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News by Year
- 2021 SFU Nobel Prize Lecture Series Features Dr. Andrei Frolov's Research
- Mike Hayden Part of Research Collaboration with World’s First Laser-cooling of Antimatter
- SFU Particle Physics Group Observes Vector Boson Fusion Higgs Production in its decays to W bosons for the first time together with the ATLAS collaboration!
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Welcome to Simon Fraser University physics. We hope that you find your studies here rewarding. A physics degree will provide you with an understanding of physical principles that govern the universe and with critical thinking, modelling, mathematical, experimental and analytical skills. We want to instill in our students an attitude of inquiry, intellectual curiosity and an appreciation for scientific discovery. Physics students are known for their problem-solving skills, have been trained to communicate effectively and to work productively with good time-management skills and persistence. Upon completion of a physics degree our graduates will be well prepared for a wide range of career paths (see our careers page for more information).
As a new student you no doubt have many questions about what courses you should be taking and what options are available to you. We hope you will find these web pages useful. A full first year of physics usually consists of 8 physics credits, 2 of which involve laboratory work. We have four streams of first year physics: standard, enriched, studio and life-sciences streams. The enriched stream provides the best preparation for those seeking to complete a physics program. We have suggested schedules for each of our physics programs and a web page with typical course offerings to help you plan your courses. We also have a guide to help you succeed in your physics courses.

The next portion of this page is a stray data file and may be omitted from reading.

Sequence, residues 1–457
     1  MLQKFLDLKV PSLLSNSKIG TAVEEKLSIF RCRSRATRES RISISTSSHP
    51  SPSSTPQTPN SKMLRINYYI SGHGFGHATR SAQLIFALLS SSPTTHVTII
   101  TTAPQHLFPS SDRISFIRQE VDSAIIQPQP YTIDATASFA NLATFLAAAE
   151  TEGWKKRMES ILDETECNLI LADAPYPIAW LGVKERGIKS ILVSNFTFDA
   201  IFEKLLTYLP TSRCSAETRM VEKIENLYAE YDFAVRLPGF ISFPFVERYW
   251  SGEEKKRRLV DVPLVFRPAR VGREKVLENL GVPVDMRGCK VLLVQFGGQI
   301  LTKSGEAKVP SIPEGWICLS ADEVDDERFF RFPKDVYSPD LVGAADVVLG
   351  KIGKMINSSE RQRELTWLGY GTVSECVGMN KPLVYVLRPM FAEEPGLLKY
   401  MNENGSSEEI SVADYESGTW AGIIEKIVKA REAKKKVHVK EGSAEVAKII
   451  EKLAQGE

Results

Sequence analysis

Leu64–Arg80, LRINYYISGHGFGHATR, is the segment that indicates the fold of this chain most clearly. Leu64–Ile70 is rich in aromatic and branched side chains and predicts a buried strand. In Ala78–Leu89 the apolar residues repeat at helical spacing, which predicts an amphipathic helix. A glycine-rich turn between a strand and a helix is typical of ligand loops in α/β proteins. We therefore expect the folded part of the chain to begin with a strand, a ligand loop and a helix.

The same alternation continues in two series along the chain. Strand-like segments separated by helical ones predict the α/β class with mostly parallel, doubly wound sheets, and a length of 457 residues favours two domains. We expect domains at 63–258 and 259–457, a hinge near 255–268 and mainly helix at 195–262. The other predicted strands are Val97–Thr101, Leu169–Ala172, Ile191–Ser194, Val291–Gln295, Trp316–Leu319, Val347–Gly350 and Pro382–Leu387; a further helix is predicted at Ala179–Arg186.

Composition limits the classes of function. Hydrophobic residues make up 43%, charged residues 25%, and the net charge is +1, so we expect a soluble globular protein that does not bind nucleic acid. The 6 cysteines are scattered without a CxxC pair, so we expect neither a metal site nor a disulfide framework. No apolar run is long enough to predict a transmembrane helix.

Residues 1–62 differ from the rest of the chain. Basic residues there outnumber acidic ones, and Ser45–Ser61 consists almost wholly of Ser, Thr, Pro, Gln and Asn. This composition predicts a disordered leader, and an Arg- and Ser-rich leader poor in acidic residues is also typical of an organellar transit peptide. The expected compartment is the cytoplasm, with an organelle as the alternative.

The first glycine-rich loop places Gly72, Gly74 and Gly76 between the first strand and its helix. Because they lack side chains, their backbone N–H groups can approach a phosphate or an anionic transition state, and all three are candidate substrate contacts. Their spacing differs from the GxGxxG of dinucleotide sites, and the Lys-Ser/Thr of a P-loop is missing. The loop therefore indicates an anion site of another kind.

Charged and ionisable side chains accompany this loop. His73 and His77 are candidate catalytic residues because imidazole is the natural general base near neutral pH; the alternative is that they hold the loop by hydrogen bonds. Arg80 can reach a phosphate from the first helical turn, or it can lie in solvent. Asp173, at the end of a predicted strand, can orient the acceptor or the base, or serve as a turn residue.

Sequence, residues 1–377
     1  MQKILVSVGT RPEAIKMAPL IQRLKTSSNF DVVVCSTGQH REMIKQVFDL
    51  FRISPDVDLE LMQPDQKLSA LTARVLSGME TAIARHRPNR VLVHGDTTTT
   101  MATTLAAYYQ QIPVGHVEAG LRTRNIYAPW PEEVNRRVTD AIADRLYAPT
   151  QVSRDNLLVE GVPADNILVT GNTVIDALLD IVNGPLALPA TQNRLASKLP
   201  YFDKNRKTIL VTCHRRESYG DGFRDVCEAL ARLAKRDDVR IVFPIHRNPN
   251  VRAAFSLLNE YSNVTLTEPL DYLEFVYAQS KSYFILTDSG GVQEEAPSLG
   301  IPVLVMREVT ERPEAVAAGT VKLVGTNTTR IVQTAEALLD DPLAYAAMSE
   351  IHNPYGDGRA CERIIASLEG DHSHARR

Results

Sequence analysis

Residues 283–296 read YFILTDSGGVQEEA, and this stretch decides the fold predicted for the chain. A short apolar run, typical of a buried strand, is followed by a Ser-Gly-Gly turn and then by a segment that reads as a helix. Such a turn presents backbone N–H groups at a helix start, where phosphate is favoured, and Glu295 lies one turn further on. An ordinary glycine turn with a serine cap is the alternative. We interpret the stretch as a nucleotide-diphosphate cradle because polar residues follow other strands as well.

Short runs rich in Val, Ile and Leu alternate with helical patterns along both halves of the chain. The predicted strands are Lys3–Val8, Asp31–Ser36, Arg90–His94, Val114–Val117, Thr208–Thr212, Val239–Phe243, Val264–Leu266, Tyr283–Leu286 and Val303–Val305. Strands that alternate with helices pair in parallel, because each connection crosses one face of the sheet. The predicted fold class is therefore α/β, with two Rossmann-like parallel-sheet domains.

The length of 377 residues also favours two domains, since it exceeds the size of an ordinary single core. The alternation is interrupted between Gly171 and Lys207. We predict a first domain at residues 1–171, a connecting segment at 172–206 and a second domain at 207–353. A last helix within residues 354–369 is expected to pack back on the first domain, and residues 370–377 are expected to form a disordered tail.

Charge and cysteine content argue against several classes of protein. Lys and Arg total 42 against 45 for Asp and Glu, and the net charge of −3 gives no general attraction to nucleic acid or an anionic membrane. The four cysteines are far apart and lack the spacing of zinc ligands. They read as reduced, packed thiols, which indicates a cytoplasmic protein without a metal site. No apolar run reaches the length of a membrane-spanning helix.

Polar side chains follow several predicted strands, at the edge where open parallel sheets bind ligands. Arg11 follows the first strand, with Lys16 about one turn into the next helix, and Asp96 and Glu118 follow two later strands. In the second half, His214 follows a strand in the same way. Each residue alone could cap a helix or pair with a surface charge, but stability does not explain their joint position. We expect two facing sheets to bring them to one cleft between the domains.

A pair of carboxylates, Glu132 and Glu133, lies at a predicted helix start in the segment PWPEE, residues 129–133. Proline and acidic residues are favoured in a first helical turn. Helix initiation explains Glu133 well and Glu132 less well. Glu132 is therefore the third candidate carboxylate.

If you find in the course of your studies that you would like to major in physics, we offer many different ways to study physics within our various programs, depending on your specific interests: Physics, Applied Physics, Biological Physics, Chemical Physics and Mathematical Physics. If you are in a program other than physics, consider a minor in Physics or Nuclear Science to complement to your major program. We also have two Physics Breadth Courses - Introduction to Astronomy and Logarithm and Blues - that satisfy quantitative breadth requirements and have been specially designed for nonphysicists. If you'd like to discuss your plans with me, just set up an appointment.
Remember the words of Isaac Newton: "To explain all of nature is too difficult a task for any one man or even any one age. Tis much better to do a little with certainty and leave the rest for others that come after you."
Best wishes in your studies!